These are words that the modern filter classified as common, but Project Gutenberg – the corpus of out-of-copyright work – called uncommon.  These words have risen in use over the last seventy five years.

Word Fans, is “whisker” an inflection of “whisk” or a word in its own right?  I’ll put the kettle on – let me know what you think.

Leech, Geoffrey, Paul Rayson, and Andrew Wilson. Word Frequencies in Written and Spoken English: Based on the British National Corpus. Harlow: Longman, 2001. Print.

Efficiency

Once upon a time, I had a fancy to hold aside the hyphenated words and do a mini-lesson on them – there are dozens and dozens, and I believe now that the most important thing is to get the concordance functional!

Update 2015.07.10: the concordance is functional, I’m publishing conclusions on my main topics, and I had time to run a graph of hyphens!

Update 2017.09.27: I’m so pleased to say we now have a Hyphen Mini-Concordance and all of the words therein have been checked against the OED to see what those venerable editors think of the hyphen.

Some Plain Concordance Entries

Word Fans, you yourselves can easily do the work of a concordance if you have an electronic copy of The Hobbit and a particular word in your head.  That’s why I have tried to jazz up the entries with some trivia, some etymology, some observations on the distribution of the particular word before we look at the distributions of grand classes of words.  What if you don’t happen to have an electronic copy?  Or what if you’d just like to stroll through the garden of lovely words and see what strikes your fancy?

My advisor, for example, looked at the Concordance page and said, “Manflesh?  I don’t recall the goblins referring to… (click).. Oh, of course!  The trolls!”  On his advice, although we are wending our way toward my finish date for the project and I won’t have time for thoughtful posts about every word, I’m going to try to make a classic brief concordance entry for each of them so you can look at the distributions.  Someday perhaps I’ll have time and encouragement to fill out these entries with thoughtful observations.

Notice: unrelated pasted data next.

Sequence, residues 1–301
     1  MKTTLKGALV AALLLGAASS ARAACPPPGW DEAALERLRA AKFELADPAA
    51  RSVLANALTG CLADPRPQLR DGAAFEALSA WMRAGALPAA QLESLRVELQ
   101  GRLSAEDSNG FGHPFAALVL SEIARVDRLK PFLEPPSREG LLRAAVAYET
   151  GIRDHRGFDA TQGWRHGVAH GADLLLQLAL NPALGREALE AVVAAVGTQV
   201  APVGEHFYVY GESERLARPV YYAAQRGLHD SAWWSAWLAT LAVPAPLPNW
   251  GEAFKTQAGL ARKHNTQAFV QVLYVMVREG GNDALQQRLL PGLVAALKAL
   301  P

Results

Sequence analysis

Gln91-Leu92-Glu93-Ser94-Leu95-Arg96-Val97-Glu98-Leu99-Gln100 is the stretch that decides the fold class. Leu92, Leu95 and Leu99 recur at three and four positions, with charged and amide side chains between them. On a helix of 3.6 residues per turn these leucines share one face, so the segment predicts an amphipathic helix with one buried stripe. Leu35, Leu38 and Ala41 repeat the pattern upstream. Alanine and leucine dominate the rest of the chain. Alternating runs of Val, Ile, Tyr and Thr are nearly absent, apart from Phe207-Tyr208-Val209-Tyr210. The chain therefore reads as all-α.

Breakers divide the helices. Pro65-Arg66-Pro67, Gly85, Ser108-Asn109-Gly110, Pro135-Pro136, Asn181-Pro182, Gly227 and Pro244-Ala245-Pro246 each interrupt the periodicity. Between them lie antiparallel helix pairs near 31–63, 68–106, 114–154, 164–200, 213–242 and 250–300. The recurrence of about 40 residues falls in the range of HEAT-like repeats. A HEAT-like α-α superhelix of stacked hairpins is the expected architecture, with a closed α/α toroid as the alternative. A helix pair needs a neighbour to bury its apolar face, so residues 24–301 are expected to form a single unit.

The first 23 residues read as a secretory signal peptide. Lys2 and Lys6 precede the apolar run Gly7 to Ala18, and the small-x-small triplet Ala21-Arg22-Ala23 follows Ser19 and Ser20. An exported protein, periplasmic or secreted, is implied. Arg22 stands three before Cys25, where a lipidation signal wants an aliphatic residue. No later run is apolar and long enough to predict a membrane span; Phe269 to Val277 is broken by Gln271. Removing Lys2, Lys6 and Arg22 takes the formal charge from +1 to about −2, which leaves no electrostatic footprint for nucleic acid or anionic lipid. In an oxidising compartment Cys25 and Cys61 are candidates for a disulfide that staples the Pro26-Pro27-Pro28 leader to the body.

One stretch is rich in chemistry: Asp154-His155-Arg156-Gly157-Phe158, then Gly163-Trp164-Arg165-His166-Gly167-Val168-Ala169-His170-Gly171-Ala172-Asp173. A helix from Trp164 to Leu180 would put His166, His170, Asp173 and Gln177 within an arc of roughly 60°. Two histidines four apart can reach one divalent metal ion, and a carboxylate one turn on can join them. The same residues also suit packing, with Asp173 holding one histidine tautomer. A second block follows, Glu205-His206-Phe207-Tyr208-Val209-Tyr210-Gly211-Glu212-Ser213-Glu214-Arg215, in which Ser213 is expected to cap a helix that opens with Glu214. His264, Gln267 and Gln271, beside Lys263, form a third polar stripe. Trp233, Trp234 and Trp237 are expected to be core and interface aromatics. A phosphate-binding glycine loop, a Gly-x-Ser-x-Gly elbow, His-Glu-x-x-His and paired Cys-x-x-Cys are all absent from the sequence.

Tonight I’m going to enter all of Gollum’s sibilance words since we’ve been talking about them.  The sounds indicated by “ss” (up to five Ss) are already listed under “hiss”.

Another Proofreading Day

Today I ran through all the “Home” blog posts again for spelling, formatting, errors.  I had an inspiring and encouraging advisor meeting yesterday with The Tolkien Professor!  With all the exciting bits and pieces it’s easy to become scattered and his broad perspective helped me step back and get a better focus.  Let’s not lose sight of one very practical outcome: a working, useful concordance with helpful tidbits about each entry.

He has encouraged me to delve into our Lexos analyses – what makes that peak in uncommon words in Chapter 5?  We see it from the whole-book perspective and from the one-word-at a time perspective.  Now, can we name the classes of words which make it happen?  Our onomatopoeia words are a big driver – what else?

I’m looking forward to the journey.  For this evening, however, I think I’ve earned my cold chicken and pickles, porter, and seed-cakes.